Tagged: Native Friendship Centres

Funding for Native Friendship Centres “streamlined”

Life off reserve can be tough. Increasing numbers of Indigenous people are living in urban areas (currently 56% of the Indigenous population), and like many who move to the city, they can find themselves cut off from community ties and support, and struggling to adapt to city life. For those of us who come from smaller centres, this is easy to relate to. Some of us succeed, some of us don’t. And some of us struggle to survive. Our fate is largely affected by the degree of community support we find.

For more than 50 years, Indigenous people have been able to find this support at Native Friendship Centres—a network of, currently, 119 community centres found in urban areas large and small, all across the country. They provide a wide range of programs and services to assist urban Indigenous people, as well as a space in which they can come together and meet up. And like most non-profit community centres, they rely primarily on federal funding.

Unfortunately, federal funding can be fickle, especially when it comes to Indigenous programming. On February 6, 2014, the federal Conservative government announced an overhaul of Native Friendship Centre funding. No longer will the government provide funding for cultural programming. Starting April 1, all funding will be “aligned” with government objectives, which are, solely, economic.

The government is calling it their “improved” Urban Aboriginal Strategy, which is “focused on increasing the participation of urban Aboriginal people in the economy.” The strategy eliminates four funding programs that covered all program areas—culture, language, sports, housing, health, education, employment—and replaces them with two funding programs focused only on economic programming.

Well, I call it eliminating and replacing; they call it “streamlining.”

The largest of the four funding programs being eliminated—the Aboriginal Friendship Centre Program—is regarded as core funding by Native Friendship Centres. It is funding that they have received for the last 40 years. And they were given less than two months notice that it was being cut altogether.

There is a lot that is problematic with all of this, not the least of which is the lack of a heads up. Mostly I’m concerned about the more basic and essential services that Native Friendship Centres provide to those who are already marginalized and vulnerable—people dealing with a lack of food and housing, those at risk of suicide, those suffering from alcohol and drug abuse.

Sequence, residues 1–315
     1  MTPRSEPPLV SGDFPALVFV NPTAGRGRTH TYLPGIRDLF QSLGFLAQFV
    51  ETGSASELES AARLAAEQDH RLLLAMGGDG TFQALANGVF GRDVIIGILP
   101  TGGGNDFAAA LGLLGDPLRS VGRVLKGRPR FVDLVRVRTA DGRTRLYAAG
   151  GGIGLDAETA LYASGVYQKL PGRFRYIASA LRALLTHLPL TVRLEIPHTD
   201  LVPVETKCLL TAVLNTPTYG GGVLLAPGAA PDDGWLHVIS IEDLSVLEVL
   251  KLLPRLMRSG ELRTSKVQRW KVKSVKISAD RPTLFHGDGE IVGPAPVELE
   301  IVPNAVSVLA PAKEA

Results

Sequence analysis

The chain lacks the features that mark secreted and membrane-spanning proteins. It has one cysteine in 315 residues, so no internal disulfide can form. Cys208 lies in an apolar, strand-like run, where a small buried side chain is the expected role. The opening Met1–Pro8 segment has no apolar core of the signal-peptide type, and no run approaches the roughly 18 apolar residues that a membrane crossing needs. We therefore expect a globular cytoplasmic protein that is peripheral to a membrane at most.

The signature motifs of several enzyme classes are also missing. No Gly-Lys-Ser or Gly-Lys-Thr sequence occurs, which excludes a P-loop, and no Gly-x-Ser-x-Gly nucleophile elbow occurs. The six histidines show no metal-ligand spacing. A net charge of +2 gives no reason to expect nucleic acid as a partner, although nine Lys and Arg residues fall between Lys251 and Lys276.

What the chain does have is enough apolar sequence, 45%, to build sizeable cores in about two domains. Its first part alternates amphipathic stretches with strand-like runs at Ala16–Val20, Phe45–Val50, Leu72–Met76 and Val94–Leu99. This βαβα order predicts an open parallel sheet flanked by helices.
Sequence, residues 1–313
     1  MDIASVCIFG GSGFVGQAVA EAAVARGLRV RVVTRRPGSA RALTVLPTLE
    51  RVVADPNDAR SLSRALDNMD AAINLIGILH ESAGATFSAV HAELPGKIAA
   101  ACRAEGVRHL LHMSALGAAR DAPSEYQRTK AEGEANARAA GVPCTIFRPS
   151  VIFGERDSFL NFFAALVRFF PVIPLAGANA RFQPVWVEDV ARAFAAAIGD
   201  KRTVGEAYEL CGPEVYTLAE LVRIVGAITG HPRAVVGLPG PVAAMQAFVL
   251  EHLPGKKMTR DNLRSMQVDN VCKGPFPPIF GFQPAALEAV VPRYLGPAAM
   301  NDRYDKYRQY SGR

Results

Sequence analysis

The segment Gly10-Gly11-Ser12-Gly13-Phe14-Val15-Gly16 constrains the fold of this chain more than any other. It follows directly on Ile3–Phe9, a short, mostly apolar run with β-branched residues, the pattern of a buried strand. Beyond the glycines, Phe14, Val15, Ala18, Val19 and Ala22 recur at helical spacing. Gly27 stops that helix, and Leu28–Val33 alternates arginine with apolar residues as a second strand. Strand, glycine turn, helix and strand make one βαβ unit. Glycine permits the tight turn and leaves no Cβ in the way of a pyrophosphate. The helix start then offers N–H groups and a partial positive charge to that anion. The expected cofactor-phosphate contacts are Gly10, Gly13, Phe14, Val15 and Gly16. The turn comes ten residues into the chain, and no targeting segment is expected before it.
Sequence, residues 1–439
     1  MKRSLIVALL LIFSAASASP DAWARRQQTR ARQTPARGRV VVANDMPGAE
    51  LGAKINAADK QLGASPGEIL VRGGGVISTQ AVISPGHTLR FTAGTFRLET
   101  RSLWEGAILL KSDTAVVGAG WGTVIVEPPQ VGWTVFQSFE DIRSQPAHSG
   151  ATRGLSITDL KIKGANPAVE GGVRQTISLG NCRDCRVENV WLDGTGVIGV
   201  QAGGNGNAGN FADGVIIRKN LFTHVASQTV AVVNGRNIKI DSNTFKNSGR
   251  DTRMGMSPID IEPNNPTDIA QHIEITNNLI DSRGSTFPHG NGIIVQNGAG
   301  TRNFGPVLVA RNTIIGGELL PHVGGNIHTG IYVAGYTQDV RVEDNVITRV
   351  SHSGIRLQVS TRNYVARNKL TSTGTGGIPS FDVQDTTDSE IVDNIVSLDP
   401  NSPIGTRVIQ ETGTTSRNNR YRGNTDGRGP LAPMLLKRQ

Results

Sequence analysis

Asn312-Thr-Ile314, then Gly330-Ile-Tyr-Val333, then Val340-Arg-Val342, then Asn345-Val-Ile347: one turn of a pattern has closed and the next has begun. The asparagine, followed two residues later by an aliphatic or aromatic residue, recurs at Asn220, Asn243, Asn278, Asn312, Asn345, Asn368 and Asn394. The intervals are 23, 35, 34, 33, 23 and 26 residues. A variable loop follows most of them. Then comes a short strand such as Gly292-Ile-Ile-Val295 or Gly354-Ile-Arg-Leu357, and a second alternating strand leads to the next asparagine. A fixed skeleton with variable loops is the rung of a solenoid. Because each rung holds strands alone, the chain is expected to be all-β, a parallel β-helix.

I also find it distressing that the Conservatives have such a low regard for Indigenous cultural programming—apparently none whatsoever. Indigenous cultures may be vibrant and rich, but in urban centres especially they are also often in great need of nurturing and support—and, thanks to government policy over the last few hundred years, a lot of healing. The whole reason these centres exist is to support people who are at risk of being cut off from their communities and cultures. Native Friendship Centres are, primarily and fundamentally, places of community.

I, too, would like to see more urban Indigenous people find employment, but I see no reason why this must be accompanied by cutting all support for cultural programs. In fact, I see it as just one more reason to support cultural programs. What the Conservatives can’t seem to figure out is that economic activity and community support go hand in hand. You cannot have one without the other. Nobody in this country has ever built up a healthy work life without a support network. How the Conservatives think that cutting cultural programming will help Indigenous people “participate in Canada’s economy” with any degree of success is beyond me.

This emphasis on economic activity above all else suggests that the Conservatives regard all of us, fundamentally, as economic beings—something that I find particularly offensive. But this is not about me, and it’s worse than that.

When it comes to Indigenous peoples, all of this smacks of assimilation. Frankly, it reeks of it: integrate the natives into proper Canadian society and strip away their cultural connections while doing so. It’s a vile attitude, and it’s a vile policy.


Statement from the British Columbia Aboriginal Friendship Centres

Press release from the government’s Department of Aboriginal Affairs